Two weeks ago the Ontario Premier prorogued the parliament, which in essence was pressing the reset button. Everything being worked on came to a stop.
According to an article in the The Star
In a surprise move, Premier Kathleen Wynne has briefly prorogued the Ontario Legislature and says a throne speech Monday will detail the government’s priorities in the time remaining before the June election.
The article states that “all bills will be reintroduced,” however I think it should read all bills will NEED TO be reintroduced. It is not a given they will be.
When I posed the question on Twitter “What is the status of Bill 191?”, MPP Monique Taylor, who is NDP Critic for Children and Youth Services replied: “The liberals killed it when they prorogued” and went on further to say, “nothing is in the budget”.
Sine then, the Premier has made a throne speech and over the course of the last week has made mega funding announcements in many sectors. With an election two months away these are promises, not given.
The only specific funding announcement I have seen for FASD is for diagnostic services and it’s contained in a $2.1 billion new investment titled: “Improving Promotion, Prevention and Early Intervention”
Over four years the government will provide $74.4 million for early psychosis intervention workers, improved screening for substance abuse issues, funding for community-based eating disorder services and diagnostic services for Fetal Alcohol Spectrum Disorder.
Not sure of the breakdown for each of these areas.
There was no mention of FASD in the $250 million in new funding over three years to improve support for children with special needs. The government has stated this investment will:
provide school boards with capacity to hire additional professional support staff and provide students and educators with the services they need through multidisciplinary teams at each school board, including psychologists, speech and language pathologists, social workers and behaviour specialists. This investment will help school boards address the current wait list for special education assessments by 2021–22, and transition resources over time to a more preventive, responsive approach.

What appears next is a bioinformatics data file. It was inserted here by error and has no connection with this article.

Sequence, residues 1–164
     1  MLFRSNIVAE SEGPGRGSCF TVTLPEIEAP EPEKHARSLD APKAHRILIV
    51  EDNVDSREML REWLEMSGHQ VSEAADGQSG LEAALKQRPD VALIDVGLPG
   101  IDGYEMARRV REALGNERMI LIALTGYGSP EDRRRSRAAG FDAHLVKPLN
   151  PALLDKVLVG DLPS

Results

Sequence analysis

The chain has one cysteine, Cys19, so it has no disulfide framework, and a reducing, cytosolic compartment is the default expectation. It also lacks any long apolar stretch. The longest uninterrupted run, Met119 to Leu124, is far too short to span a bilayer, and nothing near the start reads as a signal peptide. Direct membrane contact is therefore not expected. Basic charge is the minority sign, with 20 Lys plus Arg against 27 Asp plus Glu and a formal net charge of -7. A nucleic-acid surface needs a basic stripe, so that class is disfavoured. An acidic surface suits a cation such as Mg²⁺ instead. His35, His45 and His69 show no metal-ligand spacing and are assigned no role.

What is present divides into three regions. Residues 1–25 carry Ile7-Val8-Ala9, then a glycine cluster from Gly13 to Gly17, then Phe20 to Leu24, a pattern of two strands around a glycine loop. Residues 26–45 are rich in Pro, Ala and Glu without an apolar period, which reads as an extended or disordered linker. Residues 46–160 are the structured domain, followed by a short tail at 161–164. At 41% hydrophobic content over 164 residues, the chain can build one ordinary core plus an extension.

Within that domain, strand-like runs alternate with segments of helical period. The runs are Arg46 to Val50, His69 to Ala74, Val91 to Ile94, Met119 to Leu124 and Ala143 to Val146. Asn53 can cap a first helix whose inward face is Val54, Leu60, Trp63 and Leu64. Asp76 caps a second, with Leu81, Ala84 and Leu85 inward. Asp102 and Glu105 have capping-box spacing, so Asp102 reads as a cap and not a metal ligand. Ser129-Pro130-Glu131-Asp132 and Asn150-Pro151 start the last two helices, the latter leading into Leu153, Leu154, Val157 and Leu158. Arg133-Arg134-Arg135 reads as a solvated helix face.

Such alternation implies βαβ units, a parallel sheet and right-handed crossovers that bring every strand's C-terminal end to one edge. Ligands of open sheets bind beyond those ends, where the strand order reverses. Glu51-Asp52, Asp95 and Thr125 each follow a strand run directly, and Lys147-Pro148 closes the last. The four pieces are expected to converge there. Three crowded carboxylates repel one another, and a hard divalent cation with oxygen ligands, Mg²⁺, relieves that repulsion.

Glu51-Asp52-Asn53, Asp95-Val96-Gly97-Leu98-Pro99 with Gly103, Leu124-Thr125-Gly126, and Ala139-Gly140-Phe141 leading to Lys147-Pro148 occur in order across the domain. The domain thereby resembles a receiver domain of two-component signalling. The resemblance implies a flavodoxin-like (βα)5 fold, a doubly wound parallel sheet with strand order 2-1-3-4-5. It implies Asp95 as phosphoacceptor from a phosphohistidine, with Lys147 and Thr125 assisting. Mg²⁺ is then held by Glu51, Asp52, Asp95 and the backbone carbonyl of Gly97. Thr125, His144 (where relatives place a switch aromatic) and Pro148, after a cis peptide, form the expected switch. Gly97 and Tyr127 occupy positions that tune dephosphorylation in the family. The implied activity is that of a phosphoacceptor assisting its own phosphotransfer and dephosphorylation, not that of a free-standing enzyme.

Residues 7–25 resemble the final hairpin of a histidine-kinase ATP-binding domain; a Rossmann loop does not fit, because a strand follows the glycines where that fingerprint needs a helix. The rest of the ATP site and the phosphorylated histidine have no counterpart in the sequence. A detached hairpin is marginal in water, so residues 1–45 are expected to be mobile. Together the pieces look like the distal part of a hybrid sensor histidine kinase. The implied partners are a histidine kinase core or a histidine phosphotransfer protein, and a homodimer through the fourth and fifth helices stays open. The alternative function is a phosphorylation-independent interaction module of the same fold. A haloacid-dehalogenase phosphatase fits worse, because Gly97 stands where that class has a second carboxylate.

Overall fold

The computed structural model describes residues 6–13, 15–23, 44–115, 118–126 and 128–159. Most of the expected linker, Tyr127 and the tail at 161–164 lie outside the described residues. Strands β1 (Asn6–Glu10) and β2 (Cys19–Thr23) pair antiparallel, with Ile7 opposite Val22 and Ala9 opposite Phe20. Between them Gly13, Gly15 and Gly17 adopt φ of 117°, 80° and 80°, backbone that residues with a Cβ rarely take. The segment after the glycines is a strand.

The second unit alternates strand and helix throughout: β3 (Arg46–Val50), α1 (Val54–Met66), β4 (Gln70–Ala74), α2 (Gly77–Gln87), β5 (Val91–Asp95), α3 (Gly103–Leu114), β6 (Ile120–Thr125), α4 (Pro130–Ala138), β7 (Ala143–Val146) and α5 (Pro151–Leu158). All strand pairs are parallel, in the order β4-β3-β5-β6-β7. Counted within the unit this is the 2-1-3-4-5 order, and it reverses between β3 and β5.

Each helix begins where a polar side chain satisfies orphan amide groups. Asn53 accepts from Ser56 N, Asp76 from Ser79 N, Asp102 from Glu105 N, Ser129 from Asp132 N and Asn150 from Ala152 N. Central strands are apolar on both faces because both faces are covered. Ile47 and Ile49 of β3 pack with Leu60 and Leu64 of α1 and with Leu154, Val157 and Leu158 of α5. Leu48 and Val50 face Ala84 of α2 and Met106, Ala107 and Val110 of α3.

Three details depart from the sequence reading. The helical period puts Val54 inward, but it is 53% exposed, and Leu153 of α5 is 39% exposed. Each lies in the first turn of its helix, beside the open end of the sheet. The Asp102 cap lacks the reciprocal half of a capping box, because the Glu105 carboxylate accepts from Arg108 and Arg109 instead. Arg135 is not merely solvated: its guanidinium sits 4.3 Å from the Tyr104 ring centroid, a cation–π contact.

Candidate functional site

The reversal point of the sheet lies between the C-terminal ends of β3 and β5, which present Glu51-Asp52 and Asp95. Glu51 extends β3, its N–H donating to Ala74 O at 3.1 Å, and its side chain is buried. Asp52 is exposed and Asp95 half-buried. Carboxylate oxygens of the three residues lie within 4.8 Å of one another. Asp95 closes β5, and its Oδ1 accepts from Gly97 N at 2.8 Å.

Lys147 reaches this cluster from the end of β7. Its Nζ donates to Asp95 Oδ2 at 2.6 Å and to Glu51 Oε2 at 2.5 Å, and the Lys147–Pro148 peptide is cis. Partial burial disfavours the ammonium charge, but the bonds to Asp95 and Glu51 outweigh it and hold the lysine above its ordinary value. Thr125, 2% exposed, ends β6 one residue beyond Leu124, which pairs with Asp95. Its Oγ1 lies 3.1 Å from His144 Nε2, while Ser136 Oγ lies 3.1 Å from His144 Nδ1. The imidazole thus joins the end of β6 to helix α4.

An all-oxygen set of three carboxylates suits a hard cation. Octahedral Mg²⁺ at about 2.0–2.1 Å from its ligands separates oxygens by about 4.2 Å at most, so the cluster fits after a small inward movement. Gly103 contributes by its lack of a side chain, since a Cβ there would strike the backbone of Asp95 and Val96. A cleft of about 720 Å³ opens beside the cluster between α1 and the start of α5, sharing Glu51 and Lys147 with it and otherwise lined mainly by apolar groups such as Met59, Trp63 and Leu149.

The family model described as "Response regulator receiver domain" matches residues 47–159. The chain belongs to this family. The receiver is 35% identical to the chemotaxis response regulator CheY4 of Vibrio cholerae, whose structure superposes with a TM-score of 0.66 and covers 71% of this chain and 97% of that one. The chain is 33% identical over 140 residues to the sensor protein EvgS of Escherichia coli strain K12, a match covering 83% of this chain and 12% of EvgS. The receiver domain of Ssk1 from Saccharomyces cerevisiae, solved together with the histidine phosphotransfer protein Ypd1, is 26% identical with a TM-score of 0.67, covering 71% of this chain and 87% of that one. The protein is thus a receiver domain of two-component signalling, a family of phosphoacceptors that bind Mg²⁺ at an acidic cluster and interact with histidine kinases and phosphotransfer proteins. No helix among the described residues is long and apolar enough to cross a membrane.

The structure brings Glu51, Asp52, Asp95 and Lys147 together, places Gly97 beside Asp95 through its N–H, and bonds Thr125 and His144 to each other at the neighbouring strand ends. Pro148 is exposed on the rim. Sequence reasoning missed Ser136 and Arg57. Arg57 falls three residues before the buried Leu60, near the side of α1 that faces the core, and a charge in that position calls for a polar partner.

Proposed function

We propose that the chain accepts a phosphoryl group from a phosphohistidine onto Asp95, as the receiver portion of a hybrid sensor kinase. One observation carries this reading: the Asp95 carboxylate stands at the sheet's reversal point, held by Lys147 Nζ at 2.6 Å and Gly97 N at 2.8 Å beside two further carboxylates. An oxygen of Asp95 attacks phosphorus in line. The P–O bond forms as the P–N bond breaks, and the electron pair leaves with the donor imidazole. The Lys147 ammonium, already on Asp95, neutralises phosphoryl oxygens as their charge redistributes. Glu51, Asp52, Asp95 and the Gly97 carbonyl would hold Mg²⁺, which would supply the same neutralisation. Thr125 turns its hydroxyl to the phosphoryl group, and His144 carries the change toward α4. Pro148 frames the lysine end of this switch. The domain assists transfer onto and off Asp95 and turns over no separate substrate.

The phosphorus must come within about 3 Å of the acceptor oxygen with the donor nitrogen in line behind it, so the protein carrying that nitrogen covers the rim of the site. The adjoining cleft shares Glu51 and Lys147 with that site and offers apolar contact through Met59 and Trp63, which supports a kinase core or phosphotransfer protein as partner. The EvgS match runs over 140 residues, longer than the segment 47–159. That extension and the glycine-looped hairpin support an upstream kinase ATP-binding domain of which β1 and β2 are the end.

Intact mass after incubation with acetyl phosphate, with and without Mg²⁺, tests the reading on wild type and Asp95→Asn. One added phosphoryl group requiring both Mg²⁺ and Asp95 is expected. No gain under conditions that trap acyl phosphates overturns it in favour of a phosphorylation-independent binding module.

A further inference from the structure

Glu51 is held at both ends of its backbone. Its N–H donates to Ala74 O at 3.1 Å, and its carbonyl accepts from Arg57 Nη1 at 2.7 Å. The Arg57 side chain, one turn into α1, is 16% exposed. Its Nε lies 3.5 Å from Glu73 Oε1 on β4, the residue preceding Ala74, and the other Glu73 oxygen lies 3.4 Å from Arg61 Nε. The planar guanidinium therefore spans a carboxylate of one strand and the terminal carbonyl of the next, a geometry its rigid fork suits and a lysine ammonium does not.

The Province is also investing an additional $30 million in the next school year to support students with extraordinary high needs to be successful in school. This increase in the Special Incidence Portion (SIP) of the Special Education Grant supports the costs associated with education assistants, and helps to address the health and safety needs of both the students and others in schools. This new investment is equivalent to more than 500 education assistants.
You can read the budget details here: Ontario Budget
So that’s it. The only acknowledgment of FASD as far as I can tell is for additional diagnostic services. No support for students or adults with FASD.
Have we been fooled into believing this government cares about FASD. It’s time the FASD community gets vocal. Best advice came from a member of a FASD group on Facebook:
Make FASD an election issue! Keep the heat on until somebody listens! Just imagine if this question was raised every time those running for office were asked where they stand on bill 191, that was dropped when Katherine Wynne prorogued parliament? Maybe it would be brought back at the start of next term!
Make note: Election Day: June 7, 2018.
If you haven’t already signed the petition Support Bill 191, please do so. Over 1,000 people have already signed it, there is no limit on the number of names that can be added!
And there is still hope. The FASD Advocacy Day for MPPs is April 11th – so write your local MPP and let him/her know we want Bill 191 re-introduced and passed.
If I hear of any other funding I will update below. If you know of any I’ve missed, leave me a link and a comment.